STANFORD, Calif. -- Go back in time to Aug. 1, 2011, to Jurgen Klinsmann’s introductory press conference as U.S. men’s national team coach, when he said this: “There’s so much influence coming from the Latin environment over the last 15-20 years. It also has to be reflected in the U.S. national team.”
In his first 18 months on the job, Klinsmann worked to create the reflection. He introduced or re-introduced a number of Latino players, most of them Mexican-Americans, to the national team set-up. Jose Torres, Herculez Gomez, Edgar Castillo and Michael Orozco Fiscal began to feature for the team; later it was younger prospects Juan Agudelo, Joe Corona and Luis Gil. That Latino infusion made it seem likely that a good number of those players would feature for the U.S. at the World Cup in Brazil.
Fast-forward to the present, and of the 23 players chosen to represent the U.S. in Brazil, there is not a single Mexican-American playing professionally in Liga MX among them. Only winger Joe Corona, of Club Tijuana, was among the originally 30 that was trimmed down to a final 23. The U.S. is not devoid of Latino players. Midfielder Alejandro Bedoya is of Colombian descent; center back Omar Gonzalez is Mexican-American, but it is a far smaller contingent then what seemed likely when Klinsmann took over.
So why did more Mexican-Americans not make the team?
It goes way deeper than just Klinsmann's subjectivity. Age, injuries and a lack of production at Club Tijuana caught up to Gomez. Castillo and Orozco Fiscal failed to shine with the U.S. despite numerous chances, and the latter was hurt in the build-up to World Cup camp. Torres was unable to differentiate himself in a crowded central midfield and lacks the versatility that Klinsmann demanded of him, as he played him at left back and left midfield during World Cup qualifying. Injuries and an unsettled club situation derailed Agudelo’s chances, and he couldn't make up for lost time during a decent loan spell at Dutch side FC Utrecht. And Gil is only 20, a prospect to watch for the next cycle.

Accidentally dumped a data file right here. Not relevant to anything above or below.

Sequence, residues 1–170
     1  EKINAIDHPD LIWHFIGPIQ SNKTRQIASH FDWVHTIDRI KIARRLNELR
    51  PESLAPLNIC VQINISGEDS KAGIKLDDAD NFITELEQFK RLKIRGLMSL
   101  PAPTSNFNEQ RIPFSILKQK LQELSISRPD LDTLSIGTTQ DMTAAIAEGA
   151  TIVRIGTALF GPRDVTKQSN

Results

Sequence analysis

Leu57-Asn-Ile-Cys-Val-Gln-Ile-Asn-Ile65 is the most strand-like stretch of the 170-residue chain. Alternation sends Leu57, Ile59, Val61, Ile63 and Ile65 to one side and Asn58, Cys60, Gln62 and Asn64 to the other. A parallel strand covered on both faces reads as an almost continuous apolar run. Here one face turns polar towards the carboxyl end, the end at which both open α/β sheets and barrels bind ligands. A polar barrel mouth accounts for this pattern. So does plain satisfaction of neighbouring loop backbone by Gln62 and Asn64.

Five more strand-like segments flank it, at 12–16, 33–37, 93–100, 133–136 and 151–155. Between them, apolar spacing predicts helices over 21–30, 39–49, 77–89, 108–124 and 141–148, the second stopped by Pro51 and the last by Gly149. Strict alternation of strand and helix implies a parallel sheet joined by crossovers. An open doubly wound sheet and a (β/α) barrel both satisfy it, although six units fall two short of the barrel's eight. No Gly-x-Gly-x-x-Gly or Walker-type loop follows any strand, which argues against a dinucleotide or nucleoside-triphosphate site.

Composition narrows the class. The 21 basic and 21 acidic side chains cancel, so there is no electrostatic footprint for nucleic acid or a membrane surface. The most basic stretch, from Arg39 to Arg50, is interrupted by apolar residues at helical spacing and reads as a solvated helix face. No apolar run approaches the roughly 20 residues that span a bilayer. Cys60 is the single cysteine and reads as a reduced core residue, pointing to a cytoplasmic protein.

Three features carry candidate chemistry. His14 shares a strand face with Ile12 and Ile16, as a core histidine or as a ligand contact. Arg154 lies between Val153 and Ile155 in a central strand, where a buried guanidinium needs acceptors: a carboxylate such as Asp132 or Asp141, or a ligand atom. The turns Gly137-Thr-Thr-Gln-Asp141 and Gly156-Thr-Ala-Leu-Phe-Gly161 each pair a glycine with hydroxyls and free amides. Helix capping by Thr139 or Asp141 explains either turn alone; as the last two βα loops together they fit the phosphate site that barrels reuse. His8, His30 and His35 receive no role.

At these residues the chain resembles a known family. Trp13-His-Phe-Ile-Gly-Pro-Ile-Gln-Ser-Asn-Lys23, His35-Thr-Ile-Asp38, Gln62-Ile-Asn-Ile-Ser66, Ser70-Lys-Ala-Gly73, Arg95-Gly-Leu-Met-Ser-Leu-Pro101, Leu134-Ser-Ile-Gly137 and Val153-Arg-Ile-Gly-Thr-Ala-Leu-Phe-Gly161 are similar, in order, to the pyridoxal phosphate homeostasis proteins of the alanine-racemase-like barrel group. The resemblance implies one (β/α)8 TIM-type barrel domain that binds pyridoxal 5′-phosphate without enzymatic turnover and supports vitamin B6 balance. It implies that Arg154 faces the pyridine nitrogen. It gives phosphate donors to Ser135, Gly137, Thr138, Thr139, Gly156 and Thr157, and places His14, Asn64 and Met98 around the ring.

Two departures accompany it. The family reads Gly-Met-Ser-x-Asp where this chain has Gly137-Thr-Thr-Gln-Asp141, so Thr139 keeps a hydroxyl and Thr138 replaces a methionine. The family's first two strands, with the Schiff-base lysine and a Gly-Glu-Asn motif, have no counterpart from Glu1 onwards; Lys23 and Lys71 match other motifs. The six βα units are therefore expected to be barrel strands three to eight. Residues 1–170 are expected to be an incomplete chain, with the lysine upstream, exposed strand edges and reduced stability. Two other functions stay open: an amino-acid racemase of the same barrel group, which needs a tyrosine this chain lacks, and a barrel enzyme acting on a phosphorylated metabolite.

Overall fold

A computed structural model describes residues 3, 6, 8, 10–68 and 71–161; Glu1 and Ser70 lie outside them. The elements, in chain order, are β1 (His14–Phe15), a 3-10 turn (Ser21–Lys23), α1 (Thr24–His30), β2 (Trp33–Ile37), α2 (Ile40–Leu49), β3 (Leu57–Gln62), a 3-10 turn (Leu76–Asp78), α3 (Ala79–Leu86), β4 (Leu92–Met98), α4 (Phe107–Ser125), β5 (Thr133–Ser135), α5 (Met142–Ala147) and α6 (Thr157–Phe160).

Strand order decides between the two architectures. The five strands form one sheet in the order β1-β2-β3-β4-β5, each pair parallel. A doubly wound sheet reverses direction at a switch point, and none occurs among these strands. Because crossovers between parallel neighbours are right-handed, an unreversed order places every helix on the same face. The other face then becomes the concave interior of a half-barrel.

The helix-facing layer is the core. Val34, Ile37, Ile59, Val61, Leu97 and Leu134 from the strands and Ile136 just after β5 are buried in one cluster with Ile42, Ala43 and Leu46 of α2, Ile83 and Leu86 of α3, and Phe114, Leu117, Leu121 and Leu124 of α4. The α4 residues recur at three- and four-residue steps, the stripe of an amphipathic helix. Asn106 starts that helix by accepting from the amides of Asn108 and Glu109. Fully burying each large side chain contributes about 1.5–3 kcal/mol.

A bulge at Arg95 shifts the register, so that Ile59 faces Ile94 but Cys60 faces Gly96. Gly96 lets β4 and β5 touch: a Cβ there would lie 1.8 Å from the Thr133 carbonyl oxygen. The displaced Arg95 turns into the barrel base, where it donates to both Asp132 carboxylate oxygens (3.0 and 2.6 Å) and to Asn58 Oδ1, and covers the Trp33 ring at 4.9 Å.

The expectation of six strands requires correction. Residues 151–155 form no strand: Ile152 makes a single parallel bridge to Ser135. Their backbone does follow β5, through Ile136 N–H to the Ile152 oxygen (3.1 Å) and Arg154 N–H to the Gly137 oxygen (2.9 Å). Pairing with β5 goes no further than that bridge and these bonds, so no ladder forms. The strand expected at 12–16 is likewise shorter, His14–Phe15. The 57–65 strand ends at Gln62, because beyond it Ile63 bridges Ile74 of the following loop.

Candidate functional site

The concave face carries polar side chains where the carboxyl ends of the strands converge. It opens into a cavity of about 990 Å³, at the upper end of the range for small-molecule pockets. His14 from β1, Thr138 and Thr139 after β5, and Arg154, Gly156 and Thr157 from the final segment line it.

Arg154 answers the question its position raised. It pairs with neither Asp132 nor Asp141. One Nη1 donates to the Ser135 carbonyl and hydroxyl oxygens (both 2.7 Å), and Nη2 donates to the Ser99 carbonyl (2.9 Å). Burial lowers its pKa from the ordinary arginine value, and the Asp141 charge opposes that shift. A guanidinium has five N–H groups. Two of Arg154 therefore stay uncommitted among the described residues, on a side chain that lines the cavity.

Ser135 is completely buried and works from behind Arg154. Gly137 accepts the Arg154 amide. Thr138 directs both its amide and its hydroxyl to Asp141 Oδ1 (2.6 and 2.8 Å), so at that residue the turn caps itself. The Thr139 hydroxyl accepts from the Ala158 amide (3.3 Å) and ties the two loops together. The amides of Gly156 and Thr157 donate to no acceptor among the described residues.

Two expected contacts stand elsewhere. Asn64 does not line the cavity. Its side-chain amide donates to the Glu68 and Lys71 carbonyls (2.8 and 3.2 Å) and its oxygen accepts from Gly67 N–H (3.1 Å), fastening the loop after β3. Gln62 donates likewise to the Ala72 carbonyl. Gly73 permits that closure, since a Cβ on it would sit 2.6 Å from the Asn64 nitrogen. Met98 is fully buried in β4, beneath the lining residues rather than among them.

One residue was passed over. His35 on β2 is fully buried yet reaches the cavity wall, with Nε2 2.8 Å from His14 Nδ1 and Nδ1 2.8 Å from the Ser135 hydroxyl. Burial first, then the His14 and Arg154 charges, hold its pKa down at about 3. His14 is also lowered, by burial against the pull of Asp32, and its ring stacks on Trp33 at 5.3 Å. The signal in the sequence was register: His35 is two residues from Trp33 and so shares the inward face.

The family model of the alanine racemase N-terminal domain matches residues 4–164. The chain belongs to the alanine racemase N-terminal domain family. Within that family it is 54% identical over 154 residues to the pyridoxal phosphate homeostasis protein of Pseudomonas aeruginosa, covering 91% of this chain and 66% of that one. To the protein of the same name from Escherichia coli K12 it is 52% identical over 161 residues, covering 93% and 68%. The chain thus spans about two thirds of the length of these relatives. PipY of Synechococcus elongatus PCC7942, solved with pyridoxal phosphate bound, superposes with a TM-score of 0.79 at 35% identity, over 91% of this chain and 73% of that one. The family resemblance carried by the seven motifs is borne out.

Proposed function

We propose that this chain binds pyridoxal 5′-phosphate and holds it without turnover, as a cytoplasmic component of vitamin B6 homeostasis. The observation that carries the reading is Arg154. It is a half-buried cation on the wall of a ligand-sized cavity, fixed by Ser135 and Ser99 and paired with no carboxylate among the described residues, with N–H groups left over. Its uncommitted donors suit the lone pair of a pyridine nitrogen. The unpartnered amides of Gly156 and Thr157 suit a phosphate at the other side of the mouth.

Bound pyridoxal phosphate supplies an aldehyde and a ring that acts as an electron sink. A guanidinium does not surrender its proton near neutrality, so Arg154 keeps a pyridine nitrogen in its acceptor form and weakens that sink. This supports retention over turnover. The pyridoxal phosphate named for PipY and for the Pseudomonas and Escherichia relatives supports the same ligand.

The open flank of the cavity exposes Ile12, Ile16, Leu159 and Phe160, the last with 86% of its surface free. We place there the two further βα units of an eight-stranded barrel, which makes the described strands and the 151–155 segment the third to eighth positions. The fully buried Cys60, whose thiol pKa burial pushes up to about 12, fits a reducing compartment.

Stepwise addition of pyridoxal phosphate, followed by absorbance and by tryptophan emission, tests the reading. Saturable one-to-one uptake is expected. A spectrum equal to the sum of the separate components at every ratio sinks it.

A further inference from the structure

That left Corona, 23, who played well last summer in the Gold Cup then endured a rocky start to the season at Club Tijuana before turning it on just in time to catch Klinsmann’s eye. But he failed to crack a crowded midfield, and there is no shame in that given that neither could Landon Donovan.
When he was riding the bench for Club Tijuana early in the season, Corona said Martin Vasquez, the former U.S. assistant coach, called him with words of encouragement. Vasquez, a Mexican-American who played in Liga MX, was the assistant coach closest to Corona and other Mexican-Americans. He was reassigned in March, a surprise given how close that move came to the start of the World Cup and how close he had been to Klinsmann over the years.
A short time later, Klinsmann added German Berti Vogts -- who will coach Azerbaijan against the USA on Tuesday -- to his staff as a special advisor for the World Cup. There was much speculation as to why that switch was made, but perhaps it was just sheer pragmatism. In Brazil, the U.S. is going to feature five German-Americans: Timmy Chandler, Jermaine Jones, Fabian Johnson, John Brooks and Julian Green.
As for the reflection of the Latino influence on the national team that Klinsmann spoke of in 2011, it will likely take a few years for that to emerge. The U-20 and U-17 U.S. teams are well stocked with Latin Americans. Rubio Rubin, the 18-year-old who recently signed with Utrecht, has been marked for stardom, as has fellow U-20 player Junior Flores, who is with Borussia Dortmund in Germany. Whether they ultimately feature for the senior team is a crapshoot, but it won’t be because the U.S. is not looking at them and other Latino prospects.
“Now that Jurgen is here and expressed his feelings toward Liga MX and he’s done a good job calling players up and giving them participation,” Corona says. “[The U.S.] just has to try and keep an eye on the younger players. . .. At [Club] Tijuana, there are players who are part of the U-20 and U-17 U.S. teams and they call them up and do a good job bringing them in. The U.S. is now learning to take advantage of that.”